In addition to the remarkable and original contributions she has demonstrated through her own work, she has produced a distinguished body of work and publications through collaboration with others. She is well regarded for her generosity and dedicated service in helping to establish the careers of others in sociology and related disciplines. Among the numerous graduate and undergraduate students with whom she has worked as supervisor and mentor, many have moved on to establish careers as outstanding scholars and practitioners in relevant fields.

As well as all of the other things that productive scholars do, Monica also has an exceptional record of service to the discipline and to other scholarly and professional organizations. She has served terms as President of Academy II (Social Sciences) of the Royal Society of Canada and the Canadian Population Society, along with many other high level positions with various major organizations, along with service on editorial boards and advisory committees. The extraordinary nature of these contributions is highlighted in one of the letters supporting her nomination where it is observed that, “Nobody in the history of Canadian sociology has demonstrated such exemplary professional citizenship as Monica Boyd has.”

Monica is an especially deserving recipient of this award not only for only for her outstanding contributions to scholarship and scholarly service, but also in recognition of her dedicated support for the Canadian Sociological Association. Throughout her career she has remained highly committed to the organization, taking on several active roles including a term as President in order to ensure that the organization has been able to maintain the capacity to serve as a strong focal point for the discipline and its practitioners. A recent success that demonstrates her advocacy for Canadian sociology in a global context has been her role as one of the primary participants in the bid that eventually resulted in the selection of Toronto as the host city for the forthcoming conference of the International Sociological Association in 2018.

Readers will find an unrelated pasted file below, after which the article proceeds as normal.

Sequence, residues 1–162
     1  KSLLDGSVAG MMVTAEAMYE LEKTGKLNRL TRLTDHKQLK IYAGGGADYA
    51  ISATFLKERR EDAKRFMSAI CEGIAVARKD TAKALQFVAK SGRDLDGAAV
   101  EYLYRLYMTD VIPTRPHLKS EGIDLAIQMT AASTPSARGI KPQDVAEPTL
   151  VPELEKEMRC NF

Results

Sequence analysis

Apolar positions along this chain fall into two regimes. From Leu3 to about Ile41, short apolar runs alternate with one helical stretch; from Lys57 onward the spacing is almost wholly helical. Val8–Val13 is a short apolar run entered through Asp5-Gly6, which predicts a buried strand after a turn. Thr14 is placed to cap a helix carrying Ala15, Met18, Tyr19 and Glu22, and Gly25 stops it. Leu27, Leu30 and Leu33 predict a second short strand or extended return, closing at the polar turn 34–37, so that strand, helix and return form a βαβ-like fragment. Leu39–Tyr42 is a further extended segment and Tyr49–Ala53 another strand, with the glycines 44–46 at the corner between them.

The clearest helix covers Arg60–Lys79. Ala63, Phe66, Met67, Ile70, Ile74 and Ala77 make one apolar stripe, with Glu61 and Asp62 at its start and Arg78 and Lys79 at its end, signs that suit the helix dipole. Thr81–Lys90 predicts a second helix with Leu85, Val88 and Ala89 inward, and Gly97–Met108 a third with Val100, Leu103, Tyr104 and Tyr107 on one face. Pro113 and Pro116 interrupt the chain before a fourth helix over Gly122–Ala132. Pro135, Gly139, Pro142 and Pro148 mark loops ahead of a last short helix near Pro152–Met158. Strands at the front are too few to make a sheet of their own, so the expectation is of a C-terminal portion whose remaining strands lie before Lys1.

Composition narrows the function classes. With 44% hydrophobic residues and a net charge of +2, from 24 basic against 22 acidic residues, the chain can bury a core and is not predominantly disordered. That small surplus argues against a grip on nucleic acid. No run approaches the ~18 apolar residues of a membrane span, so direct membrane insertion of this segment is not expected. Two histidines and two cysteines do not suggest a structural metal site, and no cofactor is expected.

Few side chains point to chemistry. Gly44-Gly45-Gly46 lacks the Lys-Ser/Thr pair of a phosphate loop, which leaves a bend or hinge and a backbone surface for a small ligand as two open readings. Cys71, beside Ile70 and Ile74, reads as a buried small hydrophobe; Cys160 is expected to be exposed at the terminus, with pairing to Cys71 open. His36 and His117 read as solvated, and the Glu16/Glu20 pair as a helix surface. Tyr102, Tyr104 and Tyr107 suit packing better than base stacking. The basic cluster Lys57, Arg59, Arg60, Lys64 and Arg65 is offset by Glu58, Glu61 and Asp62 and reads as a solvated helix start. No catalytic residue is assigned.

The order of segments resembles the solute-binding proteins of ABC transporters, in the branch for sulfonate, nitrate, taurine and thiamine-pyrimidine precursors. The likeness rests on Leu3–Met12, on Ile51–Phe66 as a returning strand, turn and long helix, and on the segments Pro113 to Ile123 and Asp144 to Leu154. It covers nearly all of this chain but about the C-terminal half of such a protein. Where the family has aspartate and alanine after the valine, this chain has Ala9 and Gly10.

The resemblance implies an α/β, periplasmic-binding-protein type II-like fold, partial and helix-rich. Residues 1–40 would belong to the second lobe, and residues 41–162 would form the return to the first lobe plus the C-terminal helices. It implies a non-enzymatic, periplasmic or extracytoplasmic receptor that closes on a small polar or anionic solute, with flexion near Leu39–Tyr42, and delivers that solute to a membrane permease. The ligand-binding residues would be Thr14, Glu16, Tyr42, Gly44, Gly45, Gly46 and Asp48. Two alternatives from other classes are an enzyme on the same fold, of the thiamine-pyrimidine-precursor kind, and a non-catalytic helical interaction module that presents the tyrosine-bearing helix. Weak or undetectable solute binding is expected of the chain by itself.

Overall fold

The terms of reference for this award are to honour scholars who have made significant contributions to Sociology in Canada in recognition of “exceptional scholarly merit.” In each of these respects and more, Monica Boyd’s record reveals her to be a particularly deserving recipient of the Outstanding Contribution Award.